Adaptations of Stephen King’s novels have always been a bit hit-or-miss, with classics like The Shining and The Shawshank Redemption making up for entirely forgettable adaptations of stories like The Mangler and The Langoliers. Fortunately, there have been more good adaptations than bad, with 2017’s It the latest feature to remind audiences why King is such a celebrated storyteller.
Castle Rock takes an entirely different approach to master novelist Stephen King’s deep library of tales.
Where those adaptations focused on bringing specific stories to the screen, Hulu’s new series Castle Rock takes an entirely different approach to the master novelist’s deep library of tales. The series spins an original story set in the fictional Maine town of Castle Rock, and weaves together many of the characters and plots of King’s most popular novels and short stories for a fresh, frightening introduction to a town with a long history of dark secrets and extraordinary tragedies.
Digital Trends was given early access to the first four episodes of Castle Rock ahead of the series’ July 25 premiere on Hulu. Here’s a spoiler-free preview of what to expect from this new show inspired by the works of Stephen King.
A town built on Stephen King
Rather than making the show’s connection to the works of Stephen King a subtle wink-and-nod relationship, Castle Rock makes it clear from the premiere’s earliest moments and through its opening theme that it’s set in a world where the events of many of King’s most famous stories are established history. The series leans into the characters and well-known events of King’s stories, and fans of his work will find plenty of elements to connect with as the show progresses — from specific references to the events of Cujo and Needful Things to more subtle nods to elements of Gerald’s Game and other stories.
At its core, the premise of Castle Rock is to explore what might happen if one town and its residents were subjected to so many disturbing and frequently unexplainable events over several generations. To their credit, the show’s creative team introduces this idea with an impressively deft narrative touch over the first four episodes, which is no small achievement given how easily the concept could have slipped into a heavy-handed amalgam of references.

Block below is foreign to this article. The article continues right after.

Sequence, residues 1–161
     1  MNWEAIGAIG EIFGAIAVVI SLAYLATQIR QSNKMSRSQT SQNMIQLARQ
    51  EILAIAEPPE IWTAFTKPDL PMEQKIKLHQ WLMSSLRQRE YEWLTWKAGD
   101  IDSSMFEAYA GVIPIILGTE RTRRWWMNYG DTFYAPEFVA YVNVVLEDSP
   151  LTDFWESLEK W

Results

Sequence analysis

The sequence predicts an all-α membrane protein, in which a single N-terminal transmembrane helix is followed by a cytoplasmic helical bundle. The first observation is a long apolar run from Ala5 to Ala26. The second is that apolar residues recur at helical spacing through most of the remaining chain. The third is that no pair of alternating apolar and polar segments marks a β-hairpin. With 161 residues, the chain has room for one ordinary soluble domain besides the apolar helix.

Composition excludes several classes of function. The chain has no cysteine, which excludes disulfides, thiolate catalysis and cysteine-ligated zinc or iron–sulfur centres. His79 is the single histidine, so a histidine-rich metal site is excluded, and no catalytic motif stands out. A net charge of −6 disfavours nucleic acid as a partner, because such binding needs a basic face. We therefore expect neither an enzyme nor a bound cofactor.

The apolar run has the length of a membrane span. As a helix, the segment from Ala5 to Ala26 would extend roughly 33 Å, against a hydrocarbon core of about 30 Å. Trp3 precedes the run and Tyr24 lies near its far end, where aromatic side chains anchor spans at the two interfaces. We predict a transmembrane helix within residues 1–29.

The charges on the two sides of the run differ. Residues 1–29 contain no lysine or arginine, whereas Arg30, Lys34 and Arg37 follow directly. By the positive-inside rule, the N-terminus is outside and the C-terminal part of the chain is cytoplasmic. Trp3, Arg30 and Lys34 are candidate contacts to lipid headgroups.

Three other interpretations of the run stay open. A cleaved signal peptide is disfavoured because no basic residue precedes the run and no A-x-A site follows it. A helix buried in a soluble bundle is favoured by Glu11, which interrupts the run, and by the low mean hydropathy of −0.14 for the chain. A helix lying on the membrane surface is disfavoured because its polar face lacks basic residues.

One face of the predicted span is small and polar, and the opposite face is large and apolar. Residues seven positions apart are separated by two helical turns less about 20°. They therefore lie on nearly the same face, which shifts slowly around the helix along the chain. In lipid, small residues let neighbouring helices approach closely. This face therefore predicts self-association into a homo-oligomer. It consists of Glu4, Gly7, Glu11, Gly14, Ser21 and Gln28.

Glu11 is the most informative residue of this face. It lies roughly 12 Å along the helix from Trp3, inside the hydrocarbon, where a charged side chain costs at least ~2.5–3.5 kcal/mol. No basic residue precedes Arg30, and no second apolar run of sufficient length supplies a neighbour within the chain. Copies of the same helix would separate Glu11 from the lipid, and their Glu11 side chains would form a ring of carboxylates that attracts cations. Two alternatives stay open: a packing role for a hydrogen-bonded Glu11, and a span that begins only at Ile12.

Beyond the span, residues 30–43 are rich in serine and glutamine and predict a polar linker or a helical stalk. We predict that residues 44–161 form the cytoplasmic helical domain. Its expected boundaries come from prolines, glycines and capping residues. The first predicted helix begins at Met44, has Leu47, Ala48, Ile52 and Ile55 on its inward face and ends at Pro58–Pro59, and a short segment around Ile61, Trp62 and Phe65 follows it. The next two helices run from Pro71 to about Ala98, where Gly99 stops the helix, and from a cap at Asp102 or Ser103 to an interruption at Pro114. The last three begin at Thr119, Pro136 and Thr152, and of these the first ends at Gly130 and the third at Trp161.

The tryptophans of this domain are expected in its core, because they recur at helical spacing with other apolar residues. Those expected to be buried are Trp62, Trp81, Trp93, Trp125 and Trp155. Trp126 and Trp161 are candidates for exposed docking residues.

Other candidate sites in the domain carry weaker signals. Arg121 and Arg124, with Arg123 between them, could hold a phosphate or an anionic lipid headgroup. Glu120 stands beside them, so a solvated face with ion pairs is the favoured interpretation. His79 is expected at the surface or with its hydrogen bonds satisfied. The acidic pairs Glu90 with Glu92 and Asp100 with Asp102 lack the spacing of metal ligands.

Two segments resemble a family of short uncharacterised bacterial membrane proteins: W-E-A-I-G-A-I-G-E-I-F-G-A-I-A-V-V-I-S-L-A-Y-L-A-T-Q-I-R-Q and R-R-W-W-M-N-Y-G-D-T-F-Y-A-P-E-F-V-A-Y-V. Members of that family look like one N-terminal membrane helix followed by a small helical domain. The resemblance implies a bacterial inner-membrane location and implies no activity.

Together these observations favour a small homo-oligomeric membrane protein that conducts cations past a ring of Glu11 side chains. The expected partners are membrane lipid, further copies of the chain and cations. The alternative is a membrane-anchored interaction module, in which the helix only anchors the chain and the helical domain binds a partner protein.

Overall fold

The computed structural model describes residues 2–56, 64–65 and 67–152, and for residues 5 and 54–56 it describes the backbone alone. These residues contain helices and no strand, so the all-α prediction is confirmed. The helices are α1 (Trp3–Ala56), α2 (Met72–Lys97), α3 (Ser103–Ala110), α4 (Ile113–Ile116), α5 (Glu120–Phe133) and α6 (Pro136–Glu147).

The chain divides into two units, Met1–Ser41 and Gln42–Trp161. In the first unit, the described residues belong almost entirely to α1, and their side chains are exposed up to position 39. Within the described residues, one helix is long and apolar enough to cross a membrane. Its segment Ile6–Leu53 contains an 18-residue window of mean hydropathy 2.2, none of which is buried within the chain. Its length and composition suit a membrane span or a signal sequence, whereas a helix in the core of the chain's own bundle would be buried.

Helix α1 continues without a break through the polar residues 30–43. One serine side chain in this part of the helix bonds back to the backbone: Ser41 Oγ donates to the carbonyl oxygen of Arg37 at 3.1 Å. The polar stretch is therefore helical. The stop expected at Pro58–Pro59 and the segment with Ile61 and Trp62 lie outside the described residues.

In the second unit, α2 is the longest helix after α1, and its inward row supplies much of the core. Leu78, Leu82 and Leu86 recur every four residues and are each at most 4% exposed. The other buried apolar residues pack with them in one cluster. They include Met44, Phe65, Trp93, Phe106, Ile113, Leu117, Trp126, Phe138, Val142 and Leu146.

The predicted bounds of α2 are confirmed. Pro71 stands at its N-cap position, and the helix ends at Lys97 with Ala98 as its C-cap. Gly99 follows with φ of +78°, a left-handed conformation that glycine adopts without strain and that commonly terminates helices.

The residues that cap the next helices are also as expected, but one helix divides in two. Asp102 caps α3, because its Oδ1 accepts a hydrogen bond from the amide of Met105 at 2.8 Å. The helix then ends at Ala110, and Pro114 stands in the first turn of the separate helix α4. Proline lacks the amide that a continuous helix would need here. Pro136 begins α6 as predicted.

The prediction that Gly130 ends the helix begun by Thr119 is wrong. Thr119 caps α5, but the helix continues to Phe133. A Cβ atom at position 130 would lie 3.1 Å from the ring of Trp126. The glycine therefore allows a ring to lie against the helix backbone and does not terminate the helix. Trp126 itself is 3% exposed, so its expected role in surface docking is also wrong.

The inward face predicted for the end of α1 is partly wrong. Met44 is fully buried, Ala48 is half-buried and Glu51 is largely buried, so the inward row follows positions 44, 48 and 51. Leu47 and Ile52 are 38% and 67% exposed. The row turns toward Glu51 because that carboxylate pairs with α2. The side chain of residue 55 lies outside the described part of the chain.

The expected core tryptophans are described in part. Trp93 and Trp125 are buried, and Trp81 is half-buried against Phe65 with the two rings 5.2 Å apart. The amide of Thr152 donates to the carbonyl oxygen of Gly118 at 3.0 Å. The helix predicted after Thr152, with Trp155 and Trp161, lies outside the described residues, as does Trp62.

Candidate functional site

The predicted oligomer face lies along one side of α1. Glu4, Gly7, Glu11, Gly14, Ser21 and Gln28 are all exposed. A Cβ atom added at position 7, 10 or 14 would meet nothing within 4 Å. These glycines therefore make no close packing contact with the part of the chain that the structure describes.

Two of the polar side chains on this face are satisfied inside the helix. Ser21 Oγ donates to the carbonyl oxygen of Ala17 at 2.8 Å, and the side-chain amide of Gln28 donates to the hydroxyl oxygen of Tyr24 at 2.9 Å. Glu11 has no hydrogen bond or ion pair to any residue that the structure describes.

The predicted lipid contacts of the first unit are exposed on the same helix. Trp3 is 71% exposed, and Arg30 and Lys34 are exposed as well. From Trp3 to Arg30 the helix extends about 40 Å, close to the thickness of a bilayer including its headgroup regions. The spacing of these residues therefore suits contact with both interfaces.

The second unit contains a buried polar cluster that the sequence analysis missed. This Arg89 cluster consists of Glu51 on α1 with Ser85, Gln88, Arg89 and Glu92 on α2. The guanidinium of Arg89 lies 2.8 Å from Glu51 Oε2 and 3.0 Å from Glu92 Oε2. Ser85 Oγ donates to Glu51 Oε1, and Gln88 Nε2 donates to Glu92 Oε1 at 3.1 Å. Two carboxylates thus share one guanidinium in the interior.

More familiar faces
The trailer for Castle Rock already revealed the presence of a few cast members with some history in adaptations of King’s work, including Carrie actress Sissy Spacek, Rose Red actress Melanie Lynskey, and It actor Bill Skarsgård. Those aren’t the only actors to appear in the series after playing a role in past adaptations of King’s work, though, and fans will want to be on the lookout for a few more actors with ties to recent — and a few not-so-recent — films and television projects based on King’s work.
Solid and scary
The first four episodes of Castle Rock offer a lot to like from both its talented cast and in the scares one expects from a project connected to one of horror’s most accomplished, prolific storytellers.
Skarsgård manages to be nearly as creepy in the first four episodes of Castle Rock as he was during the entirety of It.
André Holland is particularly good as death-row attorney Henry Deaver, who has plenty of his own secrets but often seems as confused as anyone else might be with all of the weird happenings in his hometown. He serves as the audience’s surrogate for large swathes of the series’ first four episodes, careening from one strange moment to the next, and appears to be an inspired choice for the show’s primary protagonist.
Skarsgård manages to be nearly as creepy in the first four episodes of Castle Rock as he was during the entirety of It, which is saying a lot, given his nightmare-fueling performance in the latter project as the film’s killer clown, Pennywise. The actor clearly has a knack for roles that call for subtle physical performances that set a tone without much dialogue, and although Skarsgård doesn’t get a lot of screen time in the first four episodes, his character — a mysterious young inmate who is discovered in a closed-off section of Shawshank Penitentiary — looms large over the events transpiring in the series.
So many questions …
It shouldn’t come as much of a surprise, but most of the questions you’re likely to have at the start of the premiere episode will still be hanging in the air at the end of the fourth episode. Like most projects to come out of J.J. Abrams’ Bad Robot Productions, Castle Rock savors its secrets and clearly intends to draw them out as long as possible, but the pace of the first four episodes still manages to feel satisfying.
Like most projects to come out of J.J. Abrams’ Bad Robot Productions, Castle Rock savors its secrets.
There’s a sense of progress being made in the mysteries the show sets up over the first four chapters of Season 1, and the series’ creative team has made the town of Castle Rock such an interesting character on its own that the narrative journey feels worthwhile even when the endpoint seems to be moving farther away with each revelation in the story.
Four episodes in, Castle Rock feels like another Stephen King best-seller in the making. Whether the rest of the season can live up to the early excitement those first four episodes generate is the most important question the show needs to answer.
Castle Rock premieres July 25 on Hulu.
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